Have you heard of lupus, but aren't really sure what it is or if you need to worry about it? About five million people worldwide are diagnosed with lupus every year, and the symptoms may be hard to pinpoint if you don't know what you're looking for.
Lupus is a chronic autoimmune disease: normally, our immune systems produce antibodies to fight off germs and bacteria, but with an autoimmune disease like lupus, something goes wrong with your immune system, and your body can't tell the difference between harmful germs and your body's own tissues. So your body produces autoantibodies as a first line of defense that attacks and destroys healthy tissue. Dr. Kristamarie Collman, MD, explained to POPSUGAR that "lupus can affect almost any part of the body, but the signs and symptoms can vary for each individual."
Lupus is most common for women during childbearing years, ages 15 to 44, but men, children, and teenagers can also get lupus; men will usually be diagnosed between the same ages as women. Lupus is two to three times more prevalent among women of color than among white women, and currently there is no cure.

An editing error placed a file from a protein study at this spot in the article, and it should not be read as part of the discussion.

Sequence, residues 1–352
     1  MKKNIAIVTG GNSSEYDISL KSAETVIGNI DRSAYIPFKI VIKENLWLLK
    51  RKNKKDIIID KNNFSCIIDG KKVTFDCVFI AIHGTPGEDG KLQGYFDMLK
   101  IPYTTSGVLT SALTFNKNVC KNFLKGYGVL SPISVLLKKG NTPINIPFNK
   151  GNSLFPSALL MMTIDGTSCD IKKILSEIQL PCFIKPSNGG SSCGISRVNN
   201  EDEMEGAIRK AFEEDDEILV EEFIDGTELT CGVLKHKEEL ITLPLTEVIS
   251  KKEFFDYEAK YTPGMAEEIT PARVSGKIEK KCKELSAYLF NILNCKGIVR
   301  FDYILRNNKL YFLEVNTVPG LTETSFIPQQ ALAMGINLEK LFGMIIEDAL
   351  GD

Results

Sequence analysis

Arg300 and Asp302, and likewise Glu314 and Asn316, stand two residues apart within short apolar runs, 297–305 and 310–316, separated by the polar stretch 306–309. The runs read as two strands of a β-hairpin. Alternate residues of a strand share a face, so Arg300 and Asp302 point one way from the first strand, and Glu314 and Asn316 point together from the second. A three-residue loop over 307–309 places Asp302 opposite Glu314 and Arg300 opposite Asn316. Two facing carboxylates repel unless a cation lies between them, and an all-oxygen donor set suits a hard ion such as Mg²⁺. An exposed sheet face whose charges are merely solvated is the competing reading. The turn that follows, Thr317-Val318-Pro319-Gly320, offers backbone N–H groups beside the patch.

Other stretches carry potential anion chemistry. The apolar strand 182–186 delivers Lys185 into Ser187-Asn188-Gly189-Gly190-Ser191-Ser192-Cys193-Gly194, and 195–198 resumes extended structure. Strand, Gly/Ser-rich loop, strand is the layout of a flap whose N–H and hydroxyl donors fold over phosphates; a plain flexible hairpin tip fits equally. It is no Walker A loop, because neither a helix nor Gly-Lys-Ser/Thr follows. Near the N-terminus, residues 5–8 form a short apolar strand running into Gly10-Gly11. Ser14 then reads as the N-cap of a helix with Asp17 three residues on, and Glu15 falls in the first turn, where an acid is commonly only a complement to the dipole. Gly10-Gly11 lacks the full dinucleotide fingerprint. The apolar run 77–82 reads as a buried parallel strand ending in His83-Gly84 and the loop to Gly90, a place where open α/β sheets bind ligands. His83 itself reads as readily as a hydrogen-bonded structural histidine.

Diagnosing lupus can be challenging, like figuring out a puzzle, because there's no singular test your doctor can give you. Sometimes it can take months or even years to diagnose because lupus also has similar symptoms to other conditions, including rheumatoid arthritis, blood disorders, fibromyalgia, diabetes, thyroid problems, or Lyme disease.
Dr. Collman shared this list of common symptoms of lupus:
- Feeling tired or weak (due to anemia or low blood counts)
- Painful, swollen, or stiff joints
- Low-grade fever
- Sensitivity to sunlight or fluorescent light
- Chest pain when breathing deeply, since lupus can cause inflammation in the lining surrounding the heart
- Swelling (edema) in feet, legs, hands, or around the eyes
- Butterfly-shaped rash across the nose and cheeks
- Hair loss
- Abnormal blood clotting
- Fingers turning white and/or blue when cold (Raynaud's disease)
- Mouth or nose ulcers
- Brown-colored urine
"The signs and symptoms of lupus are plentiful, so if you generally feel unwell or just 'feel off,' be sure to discuss your concerns with your doctor," Dr. Collman said. Lupus symptoms can come and go, and they can change, so share all the details you can to help your doctor make a proper diagnosis.